There seems to be no reason to escalate the incident. Maybe you are just not much of a dog-person. Anyway, the dog is not doing anything wrong, and it is staying within it's boundaries, so the problem is with you. Learn to relate to the dog, or pick another route.

  21. #21
    Living the Dream stdlrf11's Avatar
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    The dog hasn't crossed the line, so to speak, with his behavior to warrant any action on your part.

    You are being overly concerned/proactive at this point.

    Once he crosses the line, then a water bottle squirt may be warranted, but until then the dog is just being a dog and is of no threat to you.

    I had an issue with a dog for months. He was a boxer, pit bull mix. He would either chase me down the street, or come at me from the front, in the middle of the street. He was intent on biting me. The water bottle trick worked to stop him several times, but it didn't "train" him. Then pepper spray worked to stop him, but he would try again the next day. I kicked him a few times, nothing worked. It was 4am in an unincorporated area, so animal control wasn't available. When they got around to it in the morning, several hours later, the dog was always locked in the front yard. It came to the point that I decided my only option was to shoot him.

    Instead I just changed routes.

  22. #22
    Senior Member chandltp's Avatar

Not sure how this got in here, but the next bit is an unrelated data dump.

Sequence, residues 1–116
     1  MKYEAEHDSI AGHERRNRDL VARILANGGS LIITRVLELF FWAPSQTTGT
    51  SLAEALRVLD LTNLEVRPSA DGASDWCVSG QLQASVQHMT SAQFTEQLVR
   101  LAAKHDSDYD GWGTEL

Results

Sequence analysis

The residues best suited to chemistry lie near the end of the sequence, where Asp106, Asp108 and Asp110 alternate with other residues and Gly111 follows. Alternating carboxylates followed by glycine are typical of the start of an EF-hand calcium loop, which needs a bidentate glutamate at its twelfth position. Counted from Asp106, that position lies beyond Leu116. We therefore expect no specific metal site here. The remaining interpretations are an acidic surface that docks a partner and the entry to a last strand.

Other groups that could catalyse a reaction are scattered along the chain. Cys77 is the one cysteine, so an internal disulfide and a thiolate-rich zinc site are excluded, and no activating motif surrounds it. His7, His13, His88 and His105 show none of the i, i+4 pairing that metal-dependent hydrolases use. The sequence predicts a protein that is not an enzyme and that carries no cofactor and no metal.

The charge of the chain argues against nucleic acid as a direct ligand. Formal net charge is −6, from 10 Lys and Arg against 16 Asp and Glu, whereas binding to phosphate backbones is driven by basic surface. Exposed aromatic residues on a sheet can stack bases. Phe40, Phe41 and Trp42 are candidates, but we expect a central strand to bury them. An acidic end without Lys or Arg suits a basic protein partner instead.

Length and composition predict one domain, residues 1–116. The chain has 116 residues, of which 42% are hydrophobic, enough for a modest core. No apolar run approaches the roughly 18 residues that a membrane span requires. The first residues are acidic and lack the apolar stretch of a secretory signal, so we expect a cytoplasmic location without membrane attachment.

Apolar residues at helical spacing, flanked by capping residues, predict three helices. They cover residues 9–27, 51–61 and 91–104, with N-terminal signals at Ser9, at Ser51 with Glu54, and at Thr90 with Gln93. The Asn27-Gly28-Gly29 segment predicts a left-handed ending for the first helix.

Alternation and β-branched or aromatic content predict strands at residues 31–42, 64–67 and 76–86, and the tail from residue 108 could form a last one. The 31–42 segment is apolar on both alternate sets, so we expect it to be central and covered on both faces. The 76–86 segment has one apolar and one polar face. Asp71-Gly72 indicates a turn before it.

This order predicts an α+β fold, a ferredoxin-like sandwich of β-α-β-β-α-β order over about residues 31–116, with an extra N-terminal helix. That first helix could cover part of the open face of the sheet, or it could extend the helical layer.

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    Quote Originally Posted by david58 View Post
    appropriately haranguing
    There's nothing appropriate about a dog barking at someone on a public street.
    There are 10 types of people, those that understand binary and those that don't.

  23. #23
    Senior Member jrickards's Avatar
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    Quote Originally Posted by scroca View Post
    Squirt the owner in the face every time you go by. He's the one in charge.

  24. #24
    Senior Member locolobo13's Avatar
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    Yrs ago I changed my commute to shortcut thru a neighborhood. As I passed an open yard a medium sized dog hopped up and gave chase. He followed me all the way to the end of the block never getting closer than about 10 ft. As we went along I would say "Good dog" and pedaled faster grinning at him.

    The next day he gave chase but didn't even get within 20 ft. The third day he ran to the edge of his yard and barked, once. The next time I went that way he just looked up, thumped his tail and yipped.

    I have seen dogs that I was convinced were going to attack me. But it's a subjective call. You have to decide for yourself.

    Usually I carry pepper spray. I feel if just spraying water is going to stop the dog he is not that serious anyway. If he's serious, so am I. That said I am not going to spray a dog in his own yard fence or not.

    If he bothers you that much there are two ways to handle it. First call the law as you already mentioned. Or ask the owner to introduce you and spend a few minutes playing with the dog so he knows you. He will probably still chase you but you will both feel better about it.

    Just my 2 cents.

  25. #25
    one life on two wheels cobrabyte's Avatar
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    Man, society is getting soft. Just ride on, what's the big deal?